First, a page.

Democracy in South Korea under Attack: Under the Helm of the Dictator’s Daughter


Democracy in South Korea is under attack. The ruling Saenuri Party of President Park Geun-hye and the National Intelligence Service have launched a witch hunt to purge progressive voices from the political process.

On August 28, the National Intelligence Service (NIS), formerly known as the Korean CIA, raided the offices and homes of the Unified Progressive Party, which holds six seats in South Korea’s National Assembly. Three members were arrested during the raids, and lawmaker Lee Seok-ki was later stripped of immunity and placed under arrest.

The NIS charged that members of the Unified Progressive Party were plotting rebellion, aiming to take up arms against the government in the event of war with North Korea. The sole evidence for these outlandish claims was a transcript said to be taken from a surreptitious filming by an informer of two meetings held by the Unified Progressive Party in May.

Those arrested say that the NIS fabricated the words that it attributed to them, and an internal investigation by the Unified Progressive Party affirmed that the transcript excerpts the NIS leaked to the press did not correspond to what participants in the meetings heard being said.

The NIS, like its predecessor, the KCIA, has a long history of inventing and manipulating evidence in order to achieve its political aims. In the last Korean election, it manipulated a transcript from former South Korean President Roh Moo-hyun’s meetings with North Korean leader Kim Jong-il. The changes made it appear that Roh intended to turn over South Korean territorial waters to the north. The intent was to paint the liberal and left opposition parties as disloyal and provide a boost to the campaigns of candidates belonging to the ruling party.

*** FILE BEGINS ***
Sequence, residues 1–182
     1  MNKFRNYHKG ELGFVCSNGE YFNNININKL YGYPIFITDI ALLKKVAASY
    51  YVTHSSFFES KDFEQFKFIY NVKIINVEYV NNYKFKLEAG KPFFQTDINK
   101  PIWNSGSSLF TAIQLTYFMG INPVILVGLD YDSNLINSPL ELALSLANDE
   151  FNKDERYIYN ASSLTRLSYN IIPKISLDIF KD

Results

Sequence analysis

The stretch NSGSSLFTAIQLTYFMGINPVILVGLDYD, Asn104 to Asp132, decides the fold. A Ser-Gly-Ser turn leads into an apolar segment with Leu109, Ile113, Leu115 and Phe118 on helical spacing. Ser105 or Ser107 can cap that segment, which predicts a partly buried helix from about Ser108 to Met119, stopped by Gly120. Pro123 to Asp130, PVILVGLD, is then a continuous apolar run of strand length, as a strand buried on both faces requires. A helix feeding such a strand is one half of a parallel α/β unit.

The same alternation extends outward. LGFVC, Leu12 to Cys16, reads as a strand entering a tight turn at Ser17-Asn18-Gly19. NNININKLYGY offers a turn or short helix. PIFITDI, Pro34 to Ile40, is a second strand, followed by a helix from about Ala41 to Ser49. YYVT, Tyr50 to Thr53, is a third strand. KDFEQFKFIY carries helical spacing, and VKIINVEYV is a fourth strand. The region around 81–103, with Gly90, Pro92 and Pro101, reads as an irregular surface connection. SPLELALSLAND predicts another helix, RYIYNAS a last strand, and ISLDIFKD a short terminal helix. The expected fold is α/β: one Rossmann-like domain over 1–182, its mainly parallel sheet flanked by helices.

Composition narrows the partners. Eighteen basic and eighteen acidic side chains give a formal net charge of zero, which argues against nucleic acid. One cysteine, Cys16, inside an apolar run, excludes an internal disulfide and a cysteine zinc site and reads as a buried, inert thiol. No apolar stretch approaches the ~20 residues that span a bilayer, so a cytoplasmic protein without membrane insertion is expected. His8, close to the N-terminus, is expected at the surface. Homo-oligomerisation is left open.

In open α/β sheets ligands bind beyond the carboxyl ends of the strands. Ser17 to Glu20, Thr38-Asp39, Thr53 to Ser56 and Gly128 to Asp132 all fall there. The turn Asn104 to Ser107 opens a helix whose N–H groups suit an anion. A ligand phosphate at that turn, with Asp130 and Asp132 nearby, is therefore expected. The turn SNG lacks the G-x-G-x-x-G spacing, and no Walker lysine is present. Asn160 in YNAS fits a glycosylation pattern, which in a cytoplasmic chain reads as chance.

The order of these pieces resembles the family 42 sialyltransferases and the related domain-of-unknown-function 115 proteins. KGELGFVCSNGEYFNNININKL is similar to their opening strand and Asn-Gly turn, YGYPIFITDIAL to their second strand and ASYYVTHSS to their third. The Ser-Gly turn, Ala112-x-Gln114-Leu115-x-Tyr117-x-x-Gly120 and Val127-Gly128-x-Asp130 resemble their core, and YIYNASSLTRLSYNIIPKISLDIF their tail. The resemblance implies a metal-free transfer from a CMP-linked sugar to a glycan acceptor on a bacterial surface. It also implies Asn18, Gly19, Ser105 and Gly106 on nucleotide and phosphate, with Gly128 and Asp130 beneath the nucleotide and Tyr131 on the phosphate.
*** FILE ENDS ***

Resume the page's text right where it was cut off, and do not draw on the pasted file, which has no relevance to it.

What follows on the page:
The NIS is once again fabricating evidence, this time in order to remove the Unified Progressive Party from the national scene. Lee-Seok-ki and others face the prospect of imprisonment, and the NIS is considering adding the charge of aiding the enemy, which carries with it a potential death penalty.

The Unified Progressive Party spearheaded the ever-growing national protests against abuses by the NIS. Outrage has been mounting over interference by the NIS in the electoral process, and harassment and investigations against individuals for their politics, such as opponents of the Korean Free Trade Agreement. Protests increased in size and militancy, spreading throughout the nation.

The National Security Law, a remnant from the Japanese colonial period and the anti-communist Syngman Rhee regime in the years following the Second World War, is still in effect, and essentially makes it a crime to express thoughts that can be construed as “pro-North” or “pro-communist.” When liberally interpreted, it has often been used to suppress dissent.

The National Security Law is the weapon of choice for the NIS. Clearly, the attack on the party aims to crush the calls to reform the NIS and provide bogus justification for its continued involvement in domestic affairs.

The ruling Saenuri Party is calling for Lee Seok-ki to be removed from office, even though he has yet to be tried, let alone convicted. The Ministry of Justice has created a taskforce to look into responding to petitions by conservative groups to file a request with the Constitutional Court to dissolve the Unified Progressive Party.

The South Korean people suffered under many years of dictatorship and military rule. They won a hard-fought victory to bring democracy to their nation. The McCarthyist tactics of the Saenuri Party and the NIS threaten to undo that achievement. They cannot be allowed to destroy South Korea’s democracy.

We, the undersigned, demand the Park Geun-hye administration-

 •Free Lee Seok-ki and other members of the Unified Progressive Party arrested under false charges.

•Free members of the Beomminryeon unification organization, arrested in a raid by the NIS in June.

•Halt the effort to remove Lee Seok-ki from office.

•Stop the move to dissolve the Unified Progressive Party.

•Abolish the National Security Law, instrument of repression.